When to cut the frenulum
A short frenulum can make it difficult for infants to breastfeed, as proper suction is linked to the mobility of the tongue. When breastfeeding, babies need their tongues to have the best reach possible. From a professional point of view, the baby’s frenula can best be assessed by a lactation consultant. Don’t hesitate to contact our sister clinic GYN MEDICO in this matter even if you’re not a client yet.
The most common problem for babies is the sublingual frenulum, which excessively restricts the movement of the tongue. Extreme cases in which the baby cannot extend its tongue even to the level of the lower lip can prevent correct suction to the breast. These cases are usually detected and resolved in the maternity hospital, but frenulum incisions made there may not be deep enough. In less extreme cases, the baby sucks, but the frenulum prevents it from moving properly, making feeding difficult. Babies like this feed only when they are most hungry and it’s difficult for them to drink until they’re full. This leads to shorter breastfeeding times, poor breast emptying and reduced milk production. In the worst case, it can lead the baby – who would otherwise feed more and longer without frenulum problems – to completely refuse to be breastfed.
Problems can also be caused by an overly tight or short upper lip frenulum, which makes it impossible for the baby to move its upper lip. This can have a negative effect on the depth of suction. The upper lip frenulum often causes problems for mothers as well, as the baby’s insufficiently lifted upper lip moves across the breast during suction and causes pain even when it is sucked in the correct position. In such a case, a so-called suction blister may form on the baby’s lip.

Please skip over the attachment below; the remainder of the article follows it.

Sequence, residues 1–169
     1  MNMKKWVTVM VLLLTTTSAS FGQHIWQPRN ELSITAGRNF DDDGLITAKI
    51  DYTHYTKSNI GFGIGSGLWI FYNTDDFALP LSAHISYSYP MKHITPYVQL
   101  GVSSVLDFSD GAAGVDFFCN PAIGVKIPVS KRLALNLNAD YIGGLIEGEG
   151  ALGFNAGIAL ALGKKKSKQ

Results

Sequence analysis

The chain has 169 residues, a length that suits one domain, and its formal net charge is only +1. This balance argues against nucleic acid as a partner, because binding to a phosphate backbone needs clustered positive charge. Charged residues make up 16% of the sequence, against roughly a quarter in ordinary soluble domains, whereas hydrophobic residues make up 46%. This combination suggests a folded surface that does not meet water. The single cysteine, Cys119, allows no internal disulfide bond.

How the procedure works
Unlike frenotomies in older children, cutting the frenulum in infants is a very simple procedure that takes literally only a few seconds. We place the baby on a chair, open its mouth, locate the frenulum and immediately make an incision. There is no need to analgosedate the baby, and the mother or father can be present the whole time while looking at the baby, talking to it, and holding its hands. The baby usually responds more to being handled and having its frenulum held in place rather than the actual incision itself.
After the procedure, the mother takes the baby to a separate private room, where she can try to let the baby breastfeed or calm it down in other ways. The wound may bleed slightly after the procedure, but this passes quickly. The baby is best calmed by sucking on the breast or another method that works for it.
Healing and care after the procedure
The wound in the baby’s mouth heals quickly, and a yellow-white coating will appear as a sign of healing. If the baby reaches into its mouth and minor bleeding begins again at home, it’s best to calm it down by breastfeeding again. If the baby is more restless than normal, parents can also apply a suitable and gentle sedative recommended by a doctor on the first night following the procedure.